David: I like to tell stories about Cody and share the things he taught me. I like to see the influences he had on other people, which are still active today. Cody took Tae Kwon Do as a form of physical therapy, starting when he was about 5 years old. His Grand Master was a hard man, former Army Special Forces, a Vietnam veteran with three Purple Hearts, who taught hand-to-hand combat and silent killing at the Special Forces training camp at Fort Bragg, North Carolina for 20 years. To say he was hard is a dramatic understatement. The first time he saw Cody doing his forms at a promotion test for his yellow belt, he was speechless. Later, he admitted that he went in the back room and wept. He asked Cody one time, “What is it about you that makes grown men cry?” To watch this man open his heart, that had so long been closed off and hardened, was nothing short of miraculous. He and Cody worked together for ten years, and with this man’s support, Cody made the Junior Olympics National Team twice. He won the Perseverance Award from the National Tae Kwon Do Foundation, and eventually earned his 2nd degree (dan) black belt in Tae Kwon Do. This man still teaches and uses Cody as the exemplar of the tenets of Tae Kwon Do to this day. Sadly, some years later, he lost his son in a tragic shooting incident, and he says Cody helped him through that. Cody had been gone ten years by that time. So, I see redemption everywhere I look.

Donna: Cody helped me cope and heal more than anyone else. He would openly talk about his dying from the time he was fourteen, when he asked me, in a calm, matter-of-fact tone, “Am I going to die?” I replied, “Honey, we’re all going to die.” “No, I mean soon,” he said. I suggested he pray and see what Jesus said about his question. When he returned, I asked him what Jesus said. He smiled and told me, “Jesus said, ‘Touch as many lives as you can. Then come on home.’” I watched Cody live by those instructions for the next three years, and he inspired me to live my life according to Jesus’ words, too. Cody also told me to think about his death like being apart from each other for college. “If everything were as it should be, I’d be going to college in the fall,” he said. “So, just think of it as if I’m in college in Australia, so we can’t see each other right now. But we know we’ll see each other again.” I’ve tried to do just that. 

David: Cody prepared us all in the way that we each needed as individuals. When he prepared me, he was fifteen and really struggling, and I, in my anxiety, was hovering. He looked at me and asked, “What are you so worried about?” I said, “I cannot stand the thought of losing you and being without you.” He started laughing, and I said, “What are you laughing at, boy?” He said, “Don’t you get it? It’s only an interim.” I said, “What do you mean, it’s only an interim?” He said, “Well, you know what an interim is.” I said, “Yes, it’s an interval of space or time.” “He said, “Right. Any way you slice it, there is going to be an interim. Either you go first and I’m without you, or I go first and you’re without me, but it’s only an interim. Then we get to be together forever. So, I want you to get back to being happy as soon as you can, because it means a lot to me.” That changed my viewpoint in that moment. When he went home, I clung to that truth and tried to honor him by getting back to being happy as soon as I could.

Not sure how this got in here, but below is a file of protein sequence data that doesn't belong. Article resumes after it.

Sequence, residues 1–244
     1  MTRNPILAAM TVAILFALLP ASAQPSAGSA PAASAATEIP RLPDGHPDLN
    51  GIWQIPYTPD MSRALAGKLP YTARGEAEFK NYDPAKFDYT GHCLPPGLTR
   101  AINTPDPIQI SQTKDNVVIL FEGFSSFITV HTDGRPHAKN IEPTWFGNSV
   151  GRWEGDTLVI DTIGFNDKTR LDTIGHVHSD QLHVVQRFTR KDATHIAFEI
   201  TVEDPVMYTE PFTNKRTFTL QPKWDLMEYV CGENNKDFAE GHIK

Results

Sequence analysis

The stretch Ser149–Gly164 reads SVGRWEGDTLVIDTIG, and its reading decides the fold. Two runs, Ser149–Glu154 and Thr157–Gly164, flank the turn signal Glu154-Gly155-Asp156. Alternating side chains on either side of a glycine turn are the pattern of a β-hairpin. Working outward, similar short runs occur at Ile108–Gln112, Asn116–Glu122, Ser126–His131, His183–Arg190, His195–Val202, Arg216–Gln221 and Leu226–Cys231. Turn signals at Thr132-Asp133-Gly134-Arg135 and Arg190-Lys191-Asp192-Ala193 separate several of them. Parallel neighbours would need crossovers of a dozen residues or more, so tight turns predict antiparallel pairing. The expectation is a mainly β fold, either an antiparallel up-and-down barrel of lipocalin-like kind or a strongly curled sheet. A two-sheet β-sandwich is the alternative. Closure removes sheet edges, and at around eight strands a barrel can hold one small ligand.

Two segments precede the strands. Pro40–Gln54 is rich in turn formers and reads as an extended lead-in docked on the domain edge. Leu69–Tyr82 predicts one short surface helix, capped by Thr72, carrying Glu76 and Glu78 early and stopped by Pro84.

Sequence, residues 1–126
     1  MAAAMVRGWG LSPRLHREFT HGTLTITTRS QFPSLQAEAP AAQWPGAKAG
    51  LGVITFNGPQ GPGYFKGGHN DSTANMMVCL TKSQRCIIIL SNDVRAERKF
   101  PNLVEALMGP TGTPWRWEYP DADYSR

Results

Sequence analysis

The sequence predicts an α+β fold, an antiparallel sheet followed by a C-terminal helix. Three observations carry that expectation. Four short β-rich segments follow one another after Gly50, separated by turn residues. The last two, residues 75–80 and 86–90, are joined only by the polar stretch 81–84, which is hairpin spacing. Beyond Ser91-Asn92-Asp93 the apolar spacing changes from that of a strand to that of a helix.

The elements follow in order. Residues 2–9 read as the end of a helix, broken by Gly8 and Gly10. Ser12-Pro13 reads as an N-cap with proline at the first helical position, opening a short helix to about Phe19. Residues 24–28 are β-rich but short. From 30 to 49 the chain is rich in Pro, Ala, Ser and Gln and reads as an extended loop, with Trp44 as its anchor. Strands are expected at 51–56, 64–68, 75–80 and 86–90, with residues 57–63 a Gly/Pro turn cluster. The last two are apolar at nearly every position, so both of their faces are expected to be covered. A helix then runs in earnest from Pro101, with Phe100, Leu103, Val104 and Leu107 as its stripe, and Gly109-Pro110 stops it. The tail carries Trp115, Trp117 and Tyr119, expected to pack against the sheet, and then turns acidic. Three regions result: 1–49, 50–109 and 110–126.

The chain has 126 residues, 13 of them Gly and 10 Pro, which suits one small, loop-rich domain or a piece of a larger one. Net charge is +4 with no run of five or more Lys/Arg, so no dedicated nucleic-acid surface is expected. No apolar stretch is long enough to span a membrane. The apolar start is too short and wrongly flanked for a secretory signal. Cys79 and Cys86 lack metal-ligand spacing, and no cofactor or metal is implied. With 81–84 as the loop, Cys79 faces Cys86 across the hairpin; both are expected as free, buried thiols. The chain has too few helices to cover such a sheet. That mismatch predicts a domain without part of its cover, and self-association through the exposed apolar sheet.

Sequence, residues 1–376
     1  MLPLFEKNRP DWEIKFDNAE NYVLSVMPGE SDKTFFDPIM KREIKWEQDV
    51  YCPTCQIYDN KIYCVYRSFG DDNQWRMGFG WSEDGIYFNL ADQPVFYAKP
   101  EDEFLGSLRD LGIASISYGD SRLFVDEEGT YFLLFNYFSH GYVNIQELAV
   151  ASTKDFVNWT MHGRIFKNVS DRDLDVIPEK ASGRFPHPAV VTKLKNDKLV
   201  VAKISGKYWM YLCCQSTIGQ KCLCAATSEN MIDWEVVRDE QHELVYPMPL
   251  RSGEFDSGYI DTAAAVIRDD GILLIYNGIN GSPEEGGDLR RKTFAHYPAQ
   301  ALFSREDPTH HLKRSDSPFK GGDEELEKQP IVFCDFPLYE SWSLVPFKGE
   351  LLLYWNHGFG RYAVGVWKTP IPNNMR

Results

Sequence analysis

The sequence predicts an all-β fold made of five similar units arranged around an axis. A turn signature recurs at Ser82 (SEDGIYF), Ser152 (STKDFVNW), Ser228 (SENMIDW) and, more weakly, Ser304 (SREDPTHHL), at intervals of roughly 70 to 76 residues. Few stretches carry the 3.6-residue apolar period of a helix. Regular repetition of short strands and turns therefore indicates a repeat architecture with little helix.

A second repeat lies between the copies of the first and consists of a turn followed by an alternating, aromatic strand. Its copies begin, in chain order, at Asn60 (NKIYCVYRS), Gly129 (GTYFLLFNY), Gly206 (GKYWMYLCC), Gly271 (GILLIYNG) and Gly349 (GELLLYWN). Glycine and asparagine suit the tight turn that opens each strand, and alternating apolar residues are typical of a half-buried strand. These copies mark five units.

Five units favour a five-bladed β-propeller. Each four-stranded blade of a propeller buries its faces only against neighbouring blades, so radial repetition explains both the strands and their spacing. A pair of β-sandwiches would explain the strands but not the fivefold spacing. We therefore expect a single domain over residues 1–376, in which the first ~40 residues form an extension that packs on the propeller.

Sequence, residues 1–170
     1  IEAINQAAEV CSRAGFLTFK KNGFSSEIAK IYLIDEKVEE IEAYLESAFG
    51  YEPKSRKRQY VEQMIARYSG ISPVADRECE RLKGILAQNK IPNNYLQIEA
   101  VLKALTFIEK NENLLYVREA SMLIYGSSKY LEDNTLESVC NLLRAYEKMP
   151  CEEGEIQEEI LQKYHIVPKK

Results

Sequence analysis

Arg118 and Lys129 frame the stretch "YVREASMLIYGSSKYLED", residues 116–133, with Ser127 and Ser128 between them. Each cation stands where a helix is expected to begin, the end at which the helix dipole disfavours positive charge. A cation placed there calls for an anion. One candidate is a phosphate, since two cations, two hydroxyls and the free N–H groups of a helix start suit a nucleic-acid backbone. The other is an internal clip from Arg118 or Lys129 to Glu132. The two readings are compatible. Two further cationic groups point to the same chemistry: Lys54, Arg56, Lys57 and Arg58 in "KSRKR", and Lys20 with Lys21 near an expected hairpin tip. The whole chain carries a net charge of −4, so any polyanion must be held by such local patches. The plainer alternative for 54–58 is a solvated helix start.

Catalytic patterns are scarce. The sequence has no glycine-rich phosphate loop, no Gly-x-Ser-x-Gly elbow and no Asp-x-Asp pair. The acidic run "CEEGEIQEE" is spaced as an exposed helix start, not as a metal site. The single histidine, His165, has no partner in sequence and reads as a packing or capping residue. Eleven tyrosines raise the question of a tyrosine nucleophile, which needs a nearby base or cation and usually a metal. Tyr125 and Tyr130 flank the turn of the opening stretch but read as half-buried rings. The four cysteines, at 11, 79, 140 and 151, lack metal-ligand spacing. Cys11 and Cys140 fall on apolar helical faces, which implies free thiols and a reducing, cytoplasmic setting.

Donna: First, I must begin my answer to this question by saying I don’t believe you ever fully heal, and I personally choose not to try to let go. Let me explain. My connection with Cody is part of me and always will be. The laws of physics say we are eternally connected on a quantum level, and my faith tells me we are always connected in our spirits, even though his death severed our physical proximity. So, letting go wasn’t my goal. My goal was reconnecting to Cody in a new way. I chose two ways to reconnect to him. The first was through memories of the wonderful times we shared. At first, looking at those memories was unbearably painful, but over time, thinking of those memories became bittersweet, like a moment of joy followed by sadness. Now, the memories make me smile, and although there is always a hint of grief, my other way of reconnecting to Cody helps ameliorate the sadness. The second reconnection happened through my belief in a future with him. Cody would share with me visions he had of heaven, where he was playing baseball with Jesus (we laughed about whether he would ever hit the ball since Jesus was pitching, or if he would always hit home runs because it was heaven), or swimming in the crystal sea before God’s throne, or making snow angels but never getting cold. I imagine myself in the stands, cheering Cody as he bats. I see myself swimming beside him and playing in the snow with him like we used to on the rare occasions it snowed. These thoughts always fill me with joy.

#1. Give yourself permission to grieve.